The World Economic Forum (WEF) foundation has outlined more than 65 blockchain use cases for solving the “most pressing” environmental challenges, in a report published September 14.
In the report, titled “Building Block(chain)s for a Better Planet,” the Switzerland-based WEF has highlighted a large number of blockchain applications that could be used to help solve the world’s most pressing environmental challenges.
The proposed applications, according to the WEF, can enhance the environment protection efforts in several ways, such as new financing models for environmental outcomes, the realization of non-financial value and natural capital, outlining more efficient and cleaner decentralized systems, and others.
In addition to the potential for improving existing processes, the report also mentions the possibility of introducing completely new blockchain solutions – so-called “game changers” – that are expected to completely transform the way major environmental issues are managed.
These “game changers” include “see through” supply chains, decentralized energy and water management systems, sustainable fundraising sources, carbon markets, and others.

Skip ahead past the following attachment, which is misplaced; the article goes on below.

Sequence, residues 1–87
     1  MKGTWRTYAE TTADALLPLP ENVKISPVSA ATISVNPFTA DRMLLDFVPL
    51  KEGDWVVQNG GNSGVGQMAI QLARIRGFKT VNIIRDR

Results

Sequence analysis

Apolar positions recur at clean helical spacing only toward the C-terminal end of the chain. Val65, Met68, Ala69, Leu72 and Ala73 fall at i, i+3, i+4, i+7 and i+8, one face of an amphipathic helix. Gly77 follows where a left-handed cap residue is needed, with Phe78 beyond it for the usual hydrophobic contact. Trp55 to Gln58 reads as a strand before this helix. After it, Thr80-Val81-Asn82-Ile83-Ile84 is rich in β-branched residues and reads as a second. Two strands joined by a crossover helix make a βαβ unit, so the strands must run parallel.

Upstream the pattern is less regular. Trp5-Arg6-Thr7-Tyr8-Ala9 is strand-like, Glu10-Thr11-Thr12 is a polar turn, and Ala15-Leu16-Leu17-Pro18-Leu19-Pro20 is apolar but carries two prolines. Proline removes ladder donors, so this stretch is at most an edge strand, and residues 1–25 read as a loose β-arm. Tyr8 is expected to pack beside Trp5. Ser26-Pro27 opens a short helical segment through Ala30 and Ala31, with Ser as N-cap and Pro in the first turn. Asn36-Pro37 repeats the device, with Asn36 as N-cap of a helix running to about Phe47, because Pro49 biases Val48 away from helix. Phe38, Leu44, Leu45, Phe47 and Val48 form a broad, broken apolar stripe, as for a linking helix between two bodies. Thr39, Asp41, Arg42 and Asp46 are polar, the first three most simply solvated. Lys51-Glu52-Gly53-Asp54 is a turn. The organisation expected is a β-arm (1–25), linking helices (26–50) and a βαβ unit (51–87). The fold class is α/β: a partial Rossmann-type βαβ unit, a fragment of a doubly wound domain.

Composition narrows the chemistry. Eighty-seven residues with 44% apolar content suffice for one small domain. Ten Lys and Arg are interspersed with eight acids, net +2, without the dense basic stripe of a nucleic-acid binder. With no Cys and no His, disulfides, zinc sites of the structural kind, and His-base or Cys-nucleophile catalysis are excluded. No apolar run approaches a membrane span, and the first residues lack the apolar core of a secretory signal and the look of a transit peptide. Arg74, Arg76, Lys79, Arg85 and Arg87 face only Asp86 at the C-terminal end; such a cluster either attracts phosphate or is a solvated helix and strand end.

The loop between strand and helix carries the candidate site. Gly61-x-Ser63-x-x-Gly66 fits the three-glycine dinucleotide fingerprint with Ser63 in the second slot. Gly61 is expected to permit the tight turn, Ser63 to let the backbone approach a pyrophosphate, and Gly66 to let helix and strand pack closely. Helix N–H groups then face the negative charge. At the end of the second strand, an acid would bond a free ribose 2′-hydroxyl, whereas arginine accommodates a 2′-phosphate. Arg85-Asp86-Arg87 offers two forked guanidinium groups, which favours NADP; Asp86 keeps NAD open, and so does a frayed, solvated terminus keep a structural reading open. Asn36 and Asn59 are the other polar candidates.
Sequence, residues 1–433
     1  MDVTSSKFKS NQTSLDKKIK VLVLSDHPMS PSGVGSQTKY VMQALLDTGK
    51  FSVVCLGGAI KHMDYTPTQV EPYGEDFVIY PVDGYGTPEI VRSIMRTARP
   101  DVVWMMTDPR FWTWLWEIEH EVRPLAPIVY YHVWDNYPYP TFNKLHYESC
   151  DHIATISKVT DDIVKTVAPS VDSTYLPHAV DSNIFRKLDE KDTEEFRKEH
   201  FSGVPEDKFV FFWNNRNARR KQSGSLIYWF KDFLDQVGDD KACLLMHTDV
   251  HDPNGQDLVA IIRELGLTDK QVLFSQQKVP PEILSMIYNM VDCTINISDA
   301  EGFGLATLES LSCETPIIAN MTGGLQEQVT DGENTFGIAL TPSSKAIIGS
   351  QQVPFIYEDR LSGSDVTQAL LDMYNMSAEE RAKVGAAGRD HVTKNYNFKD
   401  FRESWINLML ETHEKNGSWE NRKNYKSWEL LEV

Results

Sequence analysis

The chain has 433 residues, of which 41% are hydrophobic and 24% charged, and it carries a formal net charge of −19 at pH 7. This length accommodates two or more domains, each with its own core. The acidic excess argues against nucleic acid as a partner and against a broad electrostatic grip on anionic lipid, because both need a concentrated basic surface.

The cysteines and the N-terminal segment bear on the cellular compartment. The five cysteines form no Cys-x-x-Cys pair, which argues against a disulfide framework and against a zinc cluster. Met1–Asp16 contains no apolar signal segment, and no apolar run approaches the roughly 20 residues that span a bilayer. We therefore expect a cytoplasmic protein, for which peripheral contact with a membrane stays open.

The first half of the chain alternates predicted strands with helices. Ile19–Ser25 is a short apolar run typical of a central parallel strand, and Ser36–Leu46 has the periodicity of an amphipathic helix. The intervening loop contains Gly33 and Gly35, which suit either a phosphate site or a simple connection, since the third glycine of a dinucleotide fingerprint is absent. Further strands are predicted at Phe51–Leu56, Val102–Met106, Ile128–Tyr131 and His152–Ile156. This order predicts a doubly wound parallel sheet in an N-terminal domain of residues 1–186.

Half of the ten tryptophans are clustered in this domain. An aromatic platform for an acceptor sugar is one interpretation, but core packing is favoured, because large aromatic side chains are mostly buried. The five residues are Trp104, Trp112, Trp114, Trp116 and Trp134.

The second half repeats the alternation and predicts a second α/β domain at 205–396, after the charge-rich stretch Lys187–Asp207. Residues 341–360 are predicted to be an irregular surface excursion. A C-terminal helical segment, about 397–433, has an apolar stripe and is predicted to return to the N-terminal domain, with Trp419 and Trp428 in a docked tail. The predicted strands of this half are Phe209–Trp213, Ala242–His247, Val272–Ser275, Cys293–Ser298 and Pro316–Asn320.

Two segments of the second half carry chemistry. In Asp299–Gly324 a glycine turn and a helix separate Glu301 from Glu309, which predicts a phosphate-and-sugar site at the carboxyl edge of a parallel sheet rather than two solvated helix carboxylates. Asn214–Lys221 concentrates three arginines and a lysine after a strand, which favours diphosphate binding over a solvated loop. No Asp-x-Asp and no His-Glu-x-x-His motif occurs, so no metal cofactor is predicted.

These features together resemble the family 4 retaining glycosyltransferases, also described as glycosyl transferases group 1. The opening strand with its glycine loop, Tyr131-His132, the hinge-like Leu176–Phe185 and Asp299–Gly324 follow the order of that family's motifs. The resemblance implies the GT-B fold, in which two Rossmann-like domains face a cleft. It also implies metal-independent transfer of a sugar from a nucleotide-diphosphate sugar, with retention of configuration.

According to the report, the next important step in introducing blockchain applications for environmental protection is the establishment a “responsible” and “global” blockchain ecosystem, as opposed to funding specific, separate projects.
In conclusion, the WEF also pinpointed the problem of excessive use of blockchain caused by the hype around the industry.
To solve this issue, the organization has suggested three major questions to be considered as a starting point for any blockchain-related initiative: can the technology solve a specific problem, can the risks of unintended consequences be managed acceptably, and whether a functioning ecosystem of stakeholders is available.
On September 13, the WEF published a joint report that has estimated that the distributed ledger technology (DLT) could add $1 trillion to the volume of global trade over the next ten years. The report also argued that the embracement of the technology by major governments, including the member-states of the European Union, is “unavoidable.”